I mean if Laura Dern could get a Best Supporting Actress nod for Wild, then the man definitely deserved one. No disrespect, Miss Dern.

The opening sequence surprised me in which we see Dr King receiving the Nobel Peace Prize in 1964. Another fact I did not know. This is soon followed by the unexpected (No, seriously. I jumped out of my seat) and harrowing 16th Street Baptist Church bombing.

Director Ava DuVernay handled the material delicately. Four little girls killed through brutal ignorance. Subtle but tough viewing.

To be honest, Selma was a little slow to get going. Considering the powerful opening, the drama seemed to be put on the back burner. The back room politics was interesting enough with King attempting to peacefully negotiate the black vote.

BUT the constant flicking back and forth soon put me into a lull.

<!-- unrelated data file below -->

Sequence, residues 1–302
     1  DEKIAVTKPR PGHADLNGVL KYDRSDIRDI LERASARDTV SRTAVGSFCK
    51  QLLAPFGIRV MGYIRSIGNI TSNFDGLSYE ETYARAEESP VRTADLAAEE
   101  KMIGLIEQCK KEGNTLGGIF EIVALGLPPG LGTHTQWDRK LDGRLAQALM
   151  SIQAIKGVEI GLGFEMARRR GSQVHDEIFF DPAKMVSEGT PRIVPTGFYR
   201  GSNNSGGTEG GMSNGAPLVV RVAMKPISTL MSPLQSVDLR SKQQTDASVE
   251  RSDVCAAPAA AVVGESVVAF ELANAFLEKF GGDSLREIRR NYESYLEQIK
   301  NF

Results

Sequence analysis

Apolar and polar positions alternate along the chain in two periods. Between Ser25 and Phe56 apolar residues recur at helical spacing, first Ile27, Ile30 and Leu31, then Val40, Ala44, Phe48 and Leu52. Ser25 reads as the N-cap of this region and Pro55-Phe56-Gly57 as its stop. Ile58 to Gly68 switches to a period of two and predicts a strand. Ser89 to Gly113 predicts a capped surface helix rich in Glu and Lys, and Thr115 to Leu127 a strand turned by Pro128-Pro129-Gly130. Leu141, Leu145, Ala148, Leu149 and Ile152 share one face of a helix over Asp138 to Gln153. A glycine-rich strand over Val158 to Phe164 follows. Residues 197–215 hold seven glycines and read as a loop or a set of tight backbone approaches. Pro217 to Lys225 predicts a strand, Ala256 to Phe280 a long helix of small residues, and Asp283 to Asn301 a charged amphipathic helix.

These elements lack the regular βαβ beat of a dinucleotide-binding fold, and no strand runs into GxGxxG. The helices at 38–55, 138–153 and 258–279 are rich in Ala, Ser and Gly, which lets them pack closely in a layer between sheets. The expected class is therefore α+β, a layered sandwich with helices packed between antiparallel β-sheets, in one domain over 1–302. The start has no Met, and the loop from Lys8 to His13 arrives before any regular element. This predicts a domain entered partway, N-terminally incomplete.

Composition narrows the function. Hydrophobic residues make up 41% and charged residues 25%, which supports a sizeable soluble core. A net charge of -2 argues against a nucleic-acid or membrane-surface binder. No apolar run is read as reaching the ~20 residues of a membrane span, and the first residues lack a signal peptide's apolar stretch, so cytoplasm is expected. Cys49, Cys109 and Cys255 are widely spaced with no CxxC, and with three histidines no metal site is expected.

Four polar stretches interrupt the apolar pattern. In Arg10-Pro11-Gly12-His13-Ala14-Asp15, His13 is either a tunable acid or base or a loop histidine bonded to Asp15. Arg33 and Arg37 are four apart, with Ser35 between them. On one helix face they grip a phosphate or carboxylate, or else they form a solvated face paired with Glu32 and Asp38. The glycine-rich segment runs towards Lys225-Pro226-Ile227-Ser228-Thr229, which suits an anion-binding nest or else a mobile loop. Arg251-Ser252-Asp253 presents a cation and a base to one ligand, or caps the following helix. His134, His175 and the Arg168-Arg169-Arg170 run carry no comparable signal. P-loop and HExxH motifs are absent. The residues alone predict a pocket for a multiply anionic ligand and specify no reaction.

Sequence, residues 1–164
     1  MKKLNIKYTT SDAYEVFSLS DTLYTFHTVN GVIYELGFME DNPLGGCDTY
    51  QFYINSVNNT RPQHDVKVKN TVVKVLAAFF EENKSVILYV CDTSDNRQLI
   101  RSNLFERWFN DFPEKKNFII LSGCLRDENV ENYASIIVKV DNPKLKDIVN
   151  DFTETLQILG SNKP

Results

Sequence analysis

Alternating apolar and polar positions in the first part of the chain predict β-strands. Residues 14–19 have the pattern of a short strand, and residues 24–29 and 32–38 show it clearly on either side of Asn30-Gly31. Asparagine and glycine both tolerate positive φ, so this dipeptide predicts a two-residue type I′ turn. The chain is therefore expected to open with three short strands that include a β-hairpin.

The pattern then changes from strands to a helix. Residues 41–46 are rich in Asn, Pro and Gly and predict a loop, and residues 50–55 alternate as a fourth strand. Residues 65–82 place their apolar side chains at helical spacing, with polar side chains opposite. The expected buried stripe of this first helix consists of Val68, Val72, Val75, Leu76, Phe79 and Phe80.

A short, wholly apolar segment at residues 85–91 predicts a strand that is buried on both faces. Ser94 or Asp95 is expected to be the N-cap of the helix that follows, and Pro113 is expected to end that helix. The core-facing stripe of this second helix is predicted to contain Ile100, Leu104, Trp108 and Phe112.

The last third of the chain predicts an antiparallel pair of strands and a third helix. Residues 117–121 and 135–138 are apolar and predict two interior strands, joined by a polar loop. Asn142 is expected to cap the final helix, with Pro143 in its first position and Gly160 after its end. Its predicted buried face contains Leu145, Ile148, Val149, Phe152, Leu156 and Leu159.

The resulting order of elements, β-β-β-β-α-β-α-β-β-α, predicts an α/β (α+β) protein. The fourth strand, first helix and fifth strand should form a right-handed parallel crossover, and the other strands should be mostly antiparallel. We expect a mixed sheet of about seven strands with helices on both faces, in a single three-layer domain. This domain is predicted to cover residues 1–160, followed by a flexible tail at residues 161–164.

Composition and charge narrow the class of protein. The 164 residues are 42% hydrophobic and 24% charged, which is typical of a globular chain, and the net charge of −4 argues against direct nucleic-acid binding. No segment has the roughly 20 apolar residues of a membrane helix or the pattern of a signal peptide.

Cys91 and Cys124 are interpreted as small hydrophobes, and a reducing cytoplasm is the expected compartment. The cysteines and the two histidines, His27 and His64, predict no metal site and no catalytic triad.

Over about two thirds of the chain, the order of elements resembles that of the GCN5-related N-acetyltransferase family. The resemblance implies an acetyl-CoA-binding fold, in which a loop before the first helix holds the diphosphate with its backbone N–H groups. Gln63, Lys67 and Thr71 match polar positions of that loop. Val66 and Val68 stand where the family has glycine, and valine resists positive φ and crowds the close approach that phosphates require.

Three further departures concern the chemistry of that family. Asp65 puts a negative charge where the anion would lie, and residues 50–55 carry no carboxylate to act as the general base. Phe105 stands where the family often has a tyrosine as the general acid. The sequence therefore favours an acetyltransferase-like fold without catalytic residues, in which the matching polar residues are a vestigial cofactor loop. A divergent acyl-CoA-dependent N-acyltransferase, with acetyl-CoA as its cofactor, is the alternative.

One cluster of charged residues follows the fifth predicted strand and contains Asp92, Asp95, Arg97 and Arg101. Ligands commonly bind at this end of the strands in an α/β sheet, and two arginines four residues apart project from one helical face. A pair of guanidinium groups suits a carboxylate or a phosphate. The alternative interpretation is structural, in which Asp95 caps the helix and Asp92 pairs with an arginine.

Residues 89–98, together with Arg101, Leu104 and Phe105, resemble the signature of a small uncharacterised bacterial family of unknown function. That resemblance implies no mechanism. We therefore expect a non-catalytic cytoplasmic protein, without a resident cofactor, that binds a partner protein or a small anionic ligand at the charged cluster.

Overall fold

Tom Wilkinson played LDJ brilliantly. The very definition of a politican. Promising to do his utmost but afraid to make any drastic changes as *cough* another election *cough* is on the cards.

Giovanni Ribisi wasn’t bad. The only thing that was bad was his combover.

The conspiring between LDJ and Edgar Hoover was unsettling. It will always remain suspect what happened to Malcolm X and Dr King. Allowing Dr King to continue to be the face of black rights until he began to challenge everything.

While this is happening, we see the treatment of black voters in the southern states as they try and register.

Oprah Winfrey was very good as Annie Lee Cooper. She wasn’t in it enough to be frank. Her treatment was unnecessary. Having to learn and recite the constitution. Fill in every detail of her form. Quizzed on how many members in a particular state and their names. Doing everything within their power to stop her getting the register to vote.